QoS: Policies Aggregation introduces the idea of fragments in class definition statements. A default traffic class definition statement can be marked as a fragment within a policy map. Other policy maps on the same interface can also define their default traffic class statements as fragments, if desired. A separate policy map can then be created with a service fragment class definition statement that will be used to apply QoS to all of the fragments as a single group.

Figure 1 provides an example of one physical interface with three attached policy maps that is not using fragments. Note that each policy map has a default traffic class that can only classify traffic for the default traffic within its own policy map.

Figure 1

Three Policy Maps Configured Without Fragments

Figure 2 shows the same configuration configured with fragments and adds a fourth policy map with a class definition statement that classifies the fragments collectively. The default traffic classes are now classified as one service fragment group rather than three separate default traffic classes within the individual policy maps.

Figure 2

Three Policy Maps Configured Using Fragments

Understanding Fragments for Gigabit Etherchannel Bundles

Fragments can be configured for Gigabit Etherchannels when all of the member links of the Gigabit Etherchannel (GEC) bundle are on the same physical interface. Notably, if VLANs on the same physical interface are bundled, fragments can be used to define the collective treatment of all default traffic for the GEC bundle of VLAN subinterface member links.

When fragments are configured for Gigabit Etherchannel bundles, the policy maps that have a default traffic class configured using the fragment keyword are attached to the member subinterface links, and the policy maps that have a traffic class configured with the service-fragment keyword to collectively classify the fragments is attached to the physical interface.

Understanding the QoS: QoS: Policies Aggregation MQC Support for Multiple Queue Aggregation at Main Interface Feature

The QoS: QoS: Policies Aggregation MQC Support for Multiple Queue Aggregation at Main Interface feature extends the previous support of aggregation of class-default traffic using the fragment and service-fragment configurations, to other user-defined traffic classes in a subinterface policy-map, such as DSCP-based traffic classes, that are aggregated at the main interface policy-map as shown in Figure 3.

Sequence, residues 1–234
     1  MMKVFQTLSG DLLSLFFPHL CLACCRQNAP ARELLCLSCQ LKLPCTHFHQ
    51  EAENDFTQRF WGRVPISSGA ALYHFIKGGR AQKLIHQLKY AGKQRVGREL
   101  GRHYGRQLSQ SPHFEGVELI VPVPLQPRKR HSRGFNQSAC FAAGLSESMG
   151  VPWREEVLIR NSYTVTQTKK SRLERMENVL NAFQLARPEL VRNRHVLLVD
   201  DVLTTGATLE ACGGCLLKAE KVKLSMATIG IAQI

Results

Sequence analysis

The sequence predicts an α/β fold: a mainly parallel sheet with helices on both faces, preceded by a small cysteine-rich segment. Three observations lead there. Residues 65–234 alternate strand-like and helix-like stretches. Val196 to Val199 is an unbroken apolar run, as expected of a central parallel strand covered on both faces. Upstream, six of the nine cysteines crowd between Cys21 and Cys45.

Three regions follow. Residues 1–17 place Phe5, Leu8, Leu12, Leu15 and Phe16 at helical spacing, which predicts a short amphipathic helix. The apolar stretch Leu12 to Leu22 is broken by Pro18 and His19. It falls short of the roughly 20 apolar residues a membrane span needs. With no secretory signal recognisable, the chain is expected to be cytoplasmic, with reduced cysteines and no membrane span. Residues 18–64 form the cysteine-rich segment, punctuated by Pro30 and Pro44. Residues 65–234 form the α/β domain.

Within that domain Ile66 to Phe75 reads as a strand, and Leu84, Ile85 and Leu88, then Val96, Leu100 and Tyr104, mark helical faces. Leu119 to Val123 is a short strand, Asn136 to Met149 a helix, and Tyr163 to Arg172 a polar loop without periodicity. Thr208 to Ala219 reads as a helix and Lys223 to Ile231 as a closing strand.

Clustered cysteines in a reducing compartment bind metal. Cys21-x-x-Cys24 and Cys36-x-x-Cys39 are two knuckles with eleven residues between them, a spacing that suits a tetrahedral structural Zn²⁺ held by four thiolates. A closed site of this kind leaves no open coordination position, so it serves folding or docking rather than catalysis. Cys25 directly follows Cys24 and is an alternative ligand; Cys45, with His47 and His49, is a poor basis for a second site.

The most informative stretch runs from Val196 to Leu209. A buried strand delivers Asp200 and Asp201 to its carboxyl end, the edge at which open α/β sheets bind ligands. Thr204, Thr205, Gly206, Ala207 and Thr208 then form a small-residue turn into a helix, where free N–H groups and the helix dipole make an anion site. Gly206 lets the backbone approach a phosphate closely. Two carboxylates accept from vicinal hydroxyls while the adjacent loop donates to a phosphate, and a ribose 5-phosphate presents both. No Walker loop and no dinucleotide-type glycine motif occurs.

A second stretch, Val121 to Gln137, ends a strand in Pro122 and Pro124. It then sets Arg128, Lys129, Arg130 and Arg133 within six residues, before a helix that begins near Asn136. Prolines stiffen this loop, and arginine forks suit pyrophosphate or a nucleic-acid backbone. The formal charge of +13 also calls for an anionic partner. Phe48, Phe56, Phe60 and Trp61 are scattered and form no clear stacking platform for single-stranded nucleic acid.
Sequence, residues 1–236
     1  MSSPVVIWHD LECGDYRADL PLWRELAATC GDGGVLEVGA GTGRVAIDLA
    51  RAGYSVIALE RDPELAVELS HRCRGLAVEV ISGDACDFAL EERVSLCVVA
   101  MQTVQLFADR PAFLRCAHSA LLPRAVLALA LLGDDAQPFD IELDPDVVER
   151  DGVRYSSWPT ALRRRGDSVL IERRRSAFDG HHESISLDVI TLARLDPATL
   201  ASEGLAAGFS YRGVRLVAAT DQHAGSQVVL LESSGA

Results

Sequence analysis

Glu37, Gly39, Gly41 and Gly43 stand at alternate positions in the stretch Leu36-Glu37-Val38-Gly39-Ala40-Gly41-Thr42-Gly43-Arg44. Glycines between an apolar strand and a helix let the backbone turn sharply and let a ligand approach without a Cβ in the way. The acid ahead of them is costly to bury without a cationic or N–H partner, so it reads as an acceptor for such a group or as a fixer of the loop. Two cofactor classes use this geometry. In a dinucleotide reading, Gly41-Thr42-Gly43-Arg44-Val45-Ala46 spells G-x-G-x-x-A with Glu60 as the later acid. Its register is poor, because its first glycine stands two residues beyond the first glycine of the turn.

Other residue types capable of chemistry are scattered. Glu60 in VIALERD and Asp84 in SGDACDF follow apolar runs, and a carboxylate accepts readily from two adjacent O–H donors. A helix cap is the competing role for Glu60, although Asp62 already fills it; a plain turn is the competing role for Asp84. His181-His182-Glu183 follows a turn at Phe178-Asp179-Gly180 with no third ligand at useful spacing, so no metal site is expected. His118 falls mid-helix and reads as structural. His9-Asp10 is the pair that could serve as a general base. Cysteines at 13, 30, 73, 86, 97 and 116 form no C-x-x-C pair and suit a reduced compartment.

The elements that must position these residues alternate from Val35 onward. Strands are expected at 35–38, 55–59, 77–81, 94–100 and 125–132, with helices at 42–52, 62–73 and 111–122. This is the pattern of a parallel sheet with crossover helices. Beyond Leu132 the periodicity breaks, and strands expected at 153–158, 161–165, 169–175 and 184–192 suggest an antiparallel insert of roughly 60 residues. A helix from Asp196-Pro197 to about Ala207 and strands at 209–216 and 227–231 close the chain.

When no queueing is configured on a traffic class in the subinterface policy map, the account command can be used to track queueing drops that occur at the aggregate level for these classes, and can be displayed using the show policy-map interface command.

Figure 3 Policy Map Overview for the MQC Support for Multiple Queue Aggregation at Main Interface Feature

Differences Between the Original QoS Policies Aggregation Feature and the MQC Support for Multiple Queue Aggregation at Main Interface Feature

Although some of the configuration between the original QoS policies aggregation feature and enhancements in the MQC Support for Multiple Queue Aggregation at Main Interface feature appears similar, there are some important differences in the queueing behavior and the internal data handling.

For example, both configurations share and require the use of the fragment keyword for the class class-default command in the subscriber policy-map, as well as configuration of the service-fragment keyword for a user-defined class in the main interface policy-map to achieve common policy treatment for aggregate traffic. However, the use of this configuration results in different behavior between the original and enhanced QoS policies aggregation implementation:

In the original implementation using the fragment and service-fragment architecture, all default class traffic and any traffic for classes without defined queueing features at the subinterface goes to the class-default queue and is aggregated into a common user-defined queue and policy defined at the main policy-map. Subinterface traffic aggregation (for example, from multiple subscribers on the same physical interface) ultimately occurs only for a single class, which is the default class.

In the enhanced implementation of the MQC Support for Multiple Queue Aggregation at Main Interface feature also using the fragment and service-fragment architecture, all default class traffic also goes to the class-default queue and is aggregated into a common user-defined queue and policy defined at the main policy-map. However, other classes, such as DSCP-based subscriber traffic classes, are also supported for an aggregate policy. These traffic classes do not support any queues or queueing features other than account at the subscriber policy-map. The use of the fragment and service-fragment architecture enables these other subscriber traffic classes (from multiple subscribers on the same physical interface) to achieve common policy treatment for aggregate traffic that is defined for those same classes at the main policy-map.

The following sections summarize the key behavioral differences between the original QoS: Policies Aggregation feature and the QoS: QoS: Policies Aggregation MQC Support for Multiple Queue Aggregation at Main Interface feature.

Qos: Policies Aggregation Feature Prior to Cisco IOS XE Release 2.6

All subinterface traffic classes have queues. However, when a traffic class in the subinterface policy-map is not configured with any queueing feature (commands such as priority, shape, bandwidth, queue-limit, fair-queue, random-detect, and so on, are not configured), the traffic is assigned to the class-default queue.